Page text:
In their motion to dismiss, defendants argue that all of plaintiff's claims against them were filed outside the applicable statute of limitations, and therefore, should be dismissed as time barred. Defendants also argue, in the alternative, that plaintiff's § 1983 due process and false arrest claims should be dismissed for failure to state a claim.

         A. Statute of Limitations

         “Claims brought under § 1983 are governed by the statute of limitations for personal-injury claims in the state where the plaintiff's injury occurred.” Neita v. City of Chi., 830 F.3d 494, 498 (7th Cir. 2016); see also Brooks v. City of Chi., 564 F.3d 830, 832 (7th Cir. 2009) (“The applicable statute of limitations for a § 1983 false arrest claim arising in Illinois is two years.”). Generally, “a complaint need not anticipate or overcome affirmative defenses such as the statute of limitations.” Hollander v. Brown, 457 F.3d 688, 691 n.1 (7th Cir. 2006). However, “when the allegations of the complaint reveal that relief is barred by the applicable statute of limitations, the complaint is subject to dismissal for failure to state a claim.” Logan v. Wilkins, 644 F.3d 577, 582 (7th Cir. 2011).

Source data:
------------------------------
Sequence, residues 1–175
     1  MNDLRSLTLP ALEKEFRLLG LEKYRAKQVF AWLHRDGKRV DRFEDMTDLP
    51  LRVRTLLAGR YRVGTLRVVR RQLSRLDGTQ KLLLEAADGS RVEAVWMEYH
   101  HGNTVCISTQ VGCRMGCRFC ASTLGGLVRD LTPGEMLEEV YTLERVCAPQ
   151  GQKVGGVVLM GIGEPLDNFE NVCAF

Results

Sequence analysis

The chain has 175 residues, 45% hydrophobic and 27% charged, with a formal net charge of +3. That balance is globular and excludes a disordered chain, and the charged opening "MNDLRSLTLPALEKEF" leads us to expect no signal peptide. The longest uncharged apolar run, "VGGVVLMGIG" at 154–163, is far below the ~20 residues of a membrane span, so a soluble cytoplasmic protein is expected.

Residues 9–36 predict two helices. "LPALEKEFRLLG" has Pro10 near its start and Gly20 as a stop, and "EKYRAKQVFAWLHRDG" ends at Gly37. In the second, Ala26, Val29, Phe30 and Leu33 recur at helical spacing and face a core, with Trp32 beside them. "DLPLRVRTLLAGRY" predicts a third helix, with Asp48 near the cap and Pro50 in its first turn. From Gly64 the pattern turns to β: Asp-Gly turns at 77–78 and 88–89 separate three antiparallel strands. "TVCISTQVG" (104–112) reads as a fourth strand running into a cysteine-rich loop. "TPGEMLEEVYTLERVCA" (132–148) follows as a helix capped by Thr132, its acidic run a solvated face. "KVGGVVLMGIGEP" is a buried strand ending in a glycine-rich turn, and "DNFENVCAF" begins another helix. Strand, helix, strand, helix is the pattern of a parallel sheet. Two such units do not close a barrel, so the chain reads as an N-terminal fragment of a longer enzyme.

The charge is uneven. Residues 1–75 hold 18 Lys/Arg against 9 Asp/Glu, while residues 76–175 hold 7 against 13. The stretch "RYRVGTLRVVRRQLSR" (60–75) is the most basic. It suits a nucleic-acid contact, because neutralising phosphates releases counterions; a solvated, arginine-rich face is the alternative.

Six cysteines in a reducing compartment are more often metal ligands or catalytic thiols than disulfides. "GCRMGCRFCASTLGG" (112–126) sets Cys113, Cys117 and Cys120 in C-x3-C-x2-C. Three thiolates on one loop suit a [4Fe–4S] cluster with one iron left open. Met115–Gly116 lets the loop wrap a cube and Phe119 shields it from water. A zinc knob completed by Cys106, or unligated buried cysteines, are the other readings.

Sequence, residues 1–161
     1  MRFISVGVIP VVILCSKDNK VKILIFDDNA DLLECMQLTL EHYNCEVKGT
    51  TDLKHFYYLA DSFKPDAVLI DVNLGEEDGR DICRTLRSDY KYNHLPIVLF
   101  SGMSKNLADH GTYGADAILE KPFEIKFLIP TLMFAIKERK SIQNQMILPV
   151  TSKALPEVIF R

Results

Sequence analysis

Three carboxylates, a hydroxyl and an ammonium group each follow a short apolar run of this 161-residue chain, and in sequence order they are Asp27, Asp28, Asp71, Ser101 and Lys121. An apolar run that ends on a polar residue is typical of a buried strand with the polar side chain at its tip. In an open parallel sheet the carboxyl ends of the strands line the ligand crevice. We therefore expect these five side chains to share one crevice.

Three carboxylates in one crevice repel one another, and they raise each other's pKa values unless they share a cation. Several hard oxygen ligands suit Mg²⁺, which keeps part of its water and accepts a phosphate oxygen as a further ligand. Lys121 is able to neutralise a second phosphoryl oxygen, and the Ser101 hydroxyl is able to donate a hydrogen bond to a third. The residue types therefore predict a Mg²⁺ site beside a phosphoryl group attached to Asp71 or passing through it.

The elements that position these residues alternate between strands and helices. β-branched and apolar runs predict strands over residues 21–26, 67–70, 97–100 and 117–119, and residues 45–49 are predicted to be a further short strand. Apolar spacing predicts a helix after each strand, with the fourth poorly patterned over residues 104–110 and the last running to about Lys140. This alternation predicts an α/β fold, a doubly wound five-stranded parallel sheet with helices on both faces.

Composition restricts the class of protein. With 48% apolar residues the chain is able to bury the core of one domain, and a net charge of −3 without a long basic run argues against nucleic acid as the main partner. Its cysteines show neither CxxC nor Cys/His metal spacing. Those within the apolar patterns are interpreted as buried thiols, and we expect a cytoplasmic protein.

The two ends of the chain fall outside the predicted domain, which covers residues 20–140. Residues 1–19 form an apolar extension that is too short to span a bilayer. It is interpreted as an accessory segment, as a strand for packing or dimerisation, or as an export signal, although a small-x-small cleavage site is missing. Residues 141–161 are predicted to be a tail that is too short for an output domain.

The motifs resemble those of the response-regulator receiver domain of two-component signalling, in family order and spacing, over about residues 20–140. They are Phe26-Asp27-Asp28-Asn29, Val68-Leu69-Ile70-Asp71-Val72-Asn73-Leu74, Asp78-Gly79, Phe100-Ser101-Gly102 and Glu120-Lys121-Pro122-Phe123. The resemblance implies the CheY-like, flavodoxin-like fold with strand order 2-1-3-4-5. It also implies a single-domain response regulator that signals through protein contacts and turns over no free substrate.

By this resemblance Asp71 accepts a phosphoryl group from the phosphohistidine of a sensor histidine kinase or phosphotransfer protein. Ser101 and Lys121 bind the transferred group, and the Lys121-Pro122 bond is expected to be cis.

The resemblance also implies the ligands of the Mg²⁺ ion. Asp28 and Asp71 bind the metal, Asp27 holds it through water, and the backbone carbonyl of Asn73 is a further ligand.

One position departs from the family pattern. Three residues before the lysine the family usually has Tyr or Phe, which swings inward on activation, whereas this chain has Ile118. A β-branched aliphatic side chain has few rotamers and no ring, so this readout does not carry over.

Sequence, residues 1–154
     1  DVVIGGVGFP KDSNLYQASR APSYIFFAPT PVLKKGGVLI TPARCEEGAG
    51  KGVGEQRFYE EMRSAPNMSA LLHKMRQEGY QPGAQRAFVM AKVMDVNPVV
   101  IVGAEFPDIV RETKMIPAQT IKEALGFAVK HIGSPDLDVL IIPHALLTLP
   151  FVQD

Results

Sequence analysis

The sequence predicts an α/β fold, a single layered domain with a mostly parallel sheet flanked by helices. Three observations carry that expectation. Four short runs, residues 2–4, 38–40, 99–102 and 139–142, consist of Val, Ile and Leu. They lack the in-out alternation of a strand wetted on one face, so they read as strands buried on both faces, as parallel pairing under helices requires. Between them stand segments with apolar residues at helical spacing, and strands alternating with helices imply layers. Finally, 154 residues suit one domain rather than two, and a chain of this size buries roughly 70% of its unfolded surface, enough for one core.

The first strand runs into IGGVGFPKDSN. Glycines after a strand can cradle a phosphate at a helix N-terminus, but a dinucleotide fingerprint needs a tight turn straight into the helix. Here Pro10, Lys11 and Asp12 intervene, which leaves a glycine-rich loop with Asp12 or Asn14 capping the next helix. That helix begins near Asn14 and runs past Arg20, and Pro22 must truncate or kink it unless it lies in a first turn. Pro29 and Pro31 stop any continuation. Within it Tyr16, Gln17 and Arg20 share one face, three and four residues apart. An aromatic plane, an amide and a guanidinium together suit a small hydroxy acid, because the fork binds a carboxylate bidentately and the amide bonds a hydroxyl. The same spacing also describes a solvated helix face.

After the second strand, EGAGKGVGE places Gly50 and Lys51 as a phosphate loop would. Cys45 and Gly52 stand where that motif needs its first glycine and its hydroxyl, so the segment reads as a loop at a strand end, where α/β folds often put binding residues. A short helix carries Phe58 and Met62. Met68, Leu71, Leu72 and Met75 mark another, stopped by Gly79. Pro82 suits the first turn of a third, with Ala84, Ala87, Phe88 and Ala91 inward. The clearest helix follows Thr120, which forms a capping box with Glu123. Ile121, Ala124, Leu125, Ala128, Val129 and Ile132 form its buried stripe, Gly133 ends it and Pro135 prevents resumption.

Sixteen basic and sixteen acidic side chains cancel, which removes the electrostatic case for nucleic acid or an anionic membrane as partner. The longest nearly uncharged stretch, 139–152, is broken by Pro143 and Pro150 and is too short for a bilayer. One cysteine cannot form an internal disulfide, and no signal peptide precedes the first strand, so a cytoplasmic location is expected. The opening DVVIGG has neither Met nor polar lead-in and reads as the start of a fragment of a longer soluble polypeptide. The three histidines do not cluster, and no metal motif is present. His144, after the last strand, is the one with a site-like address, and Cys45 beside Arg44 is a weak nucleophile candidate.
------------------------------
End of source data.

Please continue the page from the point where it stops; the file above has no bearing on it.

In this case, defendants argue that plaintiff's false imprisonment claims[4] accrued at the time of his arrest on November 27, 2013, such that the complaint filed on November 30, 2015, was outside the limitations period. Plaintiff, on the other hand, contends that the complaint was timely because November 27, 2015, was a court holiday and November 30, 2015, was the next date for court business. Plaintiff also argues that his false imprisonment claim did not accrue until he was held pursuant to legal process by being arraigned on the charges. After consideration ...